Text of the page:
This particular configuration didn’t work, but we can use the satisfiability checking tools to automatically find one that does.

```
sawscript> sat_print abc nq8
Sat [3,1,6,2,5,7,4,0]
```

And, finally, we can double-check that this is indeed a valid solution.

```
sawscript> print (nq8 [3,1,6,2,5,7,4,0])
True
```

The analysis of JVM and LLVM programs presented so far have been relatively simple and automated. The `java_extract`

and `llvm_extract`

commands can extract models from simple methods or functions with minimal effort. For more complex code, however, more flexibility is necessary.

The `java_symexec`

and `llvm_symexec`

commands provide greater control over the use of symbolic execution to generate models of JVM and LLVM programs. These two commands have similar structure, but slight differences due to the differences between the underlying languages.

The shared structure is intuitively the following: both commands take parameters that set up the initial symbolic state of the program, before execution begins, and parameters that indicate which portions of the program state should be returned as output when execution completes.

The initial state before symbolic execution typically includes unknown (symbolic) elements. To construct `Term`

inputs that contain symbolic variables, you can start by using the `fresh_symbolic`

command, which takes a name and a type as arguments, and returns a `Term`

. A type can be written using Cryptol type syntax by enclosing it within `{|`

`|}`

. The name is used only for pretty-printing, and the type is used for later consistency checking. For example, consider the following command:

`x <- fresh_symbolic "x" {| [32] |};`

This creates a new `Term`

stored in the SAWScript variable `x`

that is a 32-bit symbolic word.

These symbolic variables are most commonly used by the more general Java and LLVM model extraction commands. The Java version of the command has the following signature:

```
java_symexec : JavaClass // Java class object
-> String // Java method name
-> [(String, Term)] // Initial state elements
-> [String] // Final (output) state elements
-> Bool // Check satisfiability of branches?
-> TopLevel Term // Resulting Term
```

This first two parameters are the same as for `java_extract`

: the class object and the name of the method from that class to execute. The third parameter describes the initial state of execution. For each element of this list, SAWScript writes the value of the `Term`

to the destination variable or field named by the `String`

. Typically, the `Term`

will either be directly the result of `fresh_symbolic`

or an more complex expression containing such a result, though it is allowed to be a constant value. The syntax of destination follows Java syntax. For example, `o.f`

describes field `f`

of object `o`

. The fourth parameter indicates which elements of the final state to return as output. The syntax of the strings in this list is the same as for the initial state description. The final parameter indicates whether to perform satisfiability checks on branch conditions. If this is `true`

, SAW will use its internal version of ABC to check the satisfiability of each branch condition before executing the associated branch. If this is `false`

, SAW will simply check whether the branch condition has a constant value.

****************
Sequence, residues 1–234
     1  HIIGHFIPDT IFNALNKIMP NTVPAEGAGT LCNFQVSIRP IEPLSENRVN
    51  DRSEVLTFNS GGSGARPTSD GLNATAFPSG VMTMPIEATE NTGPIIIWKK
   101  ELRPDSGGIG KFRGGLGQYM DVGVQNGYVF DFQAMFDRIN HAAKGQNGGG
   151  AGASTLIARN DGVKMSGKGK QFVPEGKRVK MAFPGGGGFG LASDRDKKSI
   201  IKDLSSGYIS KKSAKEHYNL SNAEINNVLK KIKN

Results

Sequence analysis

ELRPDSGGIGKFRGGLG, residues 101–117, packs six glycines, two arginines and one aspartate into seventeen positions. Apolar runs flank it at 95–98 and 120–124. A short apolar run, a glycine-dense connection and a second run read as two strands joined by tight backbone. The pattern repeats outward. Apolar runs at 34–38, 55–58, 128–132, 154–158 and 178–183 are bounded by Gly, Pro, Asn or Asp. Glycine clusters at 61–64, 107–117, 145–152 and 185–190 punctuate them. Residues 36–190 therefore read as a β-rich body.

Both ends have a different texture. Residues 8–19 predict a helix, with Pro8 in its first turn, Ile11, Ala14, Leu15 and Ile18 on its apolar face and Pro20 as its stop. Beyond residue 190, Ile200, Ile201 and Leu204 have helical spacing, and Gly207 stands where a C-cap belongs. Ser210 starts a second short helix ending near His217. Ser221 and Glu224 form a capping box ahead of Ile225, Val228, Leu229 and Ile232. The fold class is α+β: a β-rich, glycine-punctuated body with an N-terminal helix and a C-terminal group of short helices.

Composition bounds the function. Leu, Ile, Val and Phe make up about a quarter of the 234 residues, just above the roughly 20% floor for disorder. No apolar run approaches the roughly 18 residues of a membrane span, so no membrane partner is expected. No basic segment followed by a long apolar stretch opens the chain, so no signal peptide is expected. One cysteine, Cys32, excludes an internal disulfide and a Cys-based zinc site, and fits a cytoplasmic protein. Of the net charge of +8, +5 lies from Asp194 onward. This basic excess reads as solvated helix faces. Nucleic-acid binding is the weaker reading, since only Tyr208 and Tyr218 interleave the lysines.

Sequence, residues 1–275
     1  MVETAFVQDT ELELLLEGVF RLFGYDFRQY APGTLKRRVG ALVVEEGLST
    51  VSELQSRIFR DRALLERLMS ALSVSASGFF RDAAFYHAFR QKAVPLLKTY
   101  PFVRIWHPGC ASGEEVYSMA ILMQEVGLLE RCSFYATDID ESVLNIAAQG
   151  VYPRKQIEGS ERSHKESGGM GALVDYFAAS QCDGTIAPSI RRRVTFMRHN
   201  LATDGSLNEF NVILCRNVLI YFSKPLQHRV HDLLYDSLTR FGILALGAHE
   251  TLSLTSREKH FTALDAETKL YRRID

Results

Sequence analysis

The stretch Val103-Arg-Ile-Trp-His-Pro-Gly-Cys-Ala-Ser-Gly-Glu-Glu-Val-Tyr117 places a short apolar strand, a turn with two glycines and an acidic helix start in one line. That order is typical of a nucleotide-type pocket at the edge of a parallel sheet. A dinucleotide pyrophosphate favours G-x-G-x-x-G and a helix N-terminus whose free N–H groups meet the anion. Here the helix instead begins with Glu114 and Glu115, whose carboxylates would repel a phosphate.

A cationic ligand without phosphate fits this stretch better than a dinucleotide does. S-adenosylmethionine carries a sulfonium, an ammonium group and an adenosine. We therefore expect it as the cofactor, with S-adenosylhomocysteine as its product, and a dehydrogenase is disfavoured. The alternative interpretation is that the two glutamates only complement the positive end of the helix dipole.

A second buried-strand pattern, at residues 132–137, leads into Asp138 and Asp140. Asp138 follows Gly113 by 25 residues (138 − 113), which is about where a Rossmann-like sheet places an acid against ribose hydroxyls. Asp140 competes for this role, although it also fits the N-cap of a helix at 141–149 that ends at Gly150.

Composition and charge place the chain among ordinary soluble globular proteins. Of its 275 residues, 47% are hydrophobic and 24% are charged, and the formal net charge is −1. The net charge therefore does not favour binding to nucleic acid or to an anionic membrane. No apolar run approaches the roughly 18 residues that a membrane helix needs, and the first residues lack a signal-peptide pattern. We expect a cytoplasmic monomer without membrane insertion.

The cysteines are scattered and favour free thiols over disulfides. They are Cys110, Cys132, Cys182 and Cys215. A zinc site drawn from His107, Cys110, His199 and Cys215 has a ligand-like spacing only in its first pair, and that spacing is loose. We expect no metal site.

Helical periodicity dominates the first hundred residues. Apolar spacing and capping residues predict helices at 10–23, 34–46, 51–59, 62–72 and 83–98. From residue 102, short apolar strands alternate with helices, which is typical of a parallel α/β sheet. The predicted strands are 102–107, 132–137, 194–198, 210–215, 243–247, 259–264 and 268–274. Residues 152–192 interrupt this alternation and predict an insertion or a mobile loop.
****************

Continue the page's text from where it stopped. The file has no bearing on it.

An example of using `java_symexec`

on a simple function (using just scalar arguments and return values) appears in the `code/java_symexec.saw`

file, quoted below.

```
cadd <- java_load_class "Add";
add <- define "add" {{ \x y -> (x : [32]) + y }};
x <- fresh_symbolic "x" {| [32] |};
y <- fresh_symbolic "y" {| [32] |};
t <- java_symexec cadd "add" [("x", x), ("y", y)] ["return"] true;
print_term t;
t' <- abstract_symbolic t;
prove_print abc {{ \a b -> t' a b == add a b }};
print "Done.";
```

This script uses `fresh_symbolic`

to construct two fresh variables, `x`

and `y`

, and then passes them in as the initial values of the method parameters of the same name. It then uses the special name `return`

to refer to the return value of the method in the output list. Finally, it uses the `abstract_symbolic`

command to convert a `Term`

containing symbolic variables into a function that takes the values of those variables as parameters. This last step exists partly to illustrate the use of `abstract_symbolic`

, and partly because the `prove_print`

command currently cannot process terms that contain symbolic variables (though we plan to adapt it to be able to in the near future).

The LLVM version of the command has some additional complexities, due to the less structured nature of the LLVM memory model.

```
llvm_symexec : LLVMModule // LLVM module object
-> String // Function name
-> [(String, Int)] // Initial allocations
-> [(String, Term, Int)] // Initial state element
-> [(String, Int)] // Final state elements
-> Bool // Enable branch SAT checking
-> TopLevel Term // Resulting Term
```

The first two and last arguments of `llvm_extract`

are symmetric with `java_extract`

, specifying a module, function, and whether to SAT-check branch conditions. However, while `java_extract`

takes *two* input/output arguments, corresponding to initial values and results, `llvm_extract`

takes *three* input/output arguments, corresponding to memory allocations, initial values, and results. Below, we first give an `llvm_extract`

example for `add`

, which is close to the corresponding `java_extract`

example above, but does not make use of the unfamiliar initialization argument. We then give a second `llvm_extract`

example for `dotprod`

, which does use the initialization argument.

In more detail, the input/output arguments of `llvm_symexec`

are interpreted as follows. For the first list, SAWScript will initialize the pointer named by the given string to point to the number of elements indicated by the `Int`

. For the second list, SAWScript will write to the given location with the given number of elements read from the given term. The name given in the initial assignment list should be written as an r-value, so if `"p"`

appears in the allocation list then `"*p"`

should appear in the initial assignment list. The third list describes the results, using the same convention: read *n* elements from the named location.

The numbers given for a particular location in the three lists need not be the same. For instance, we might allocate 10 elements for pointer `p`

, write 8 elements to `*p`

at the beginning, and read 4 elements from `*p`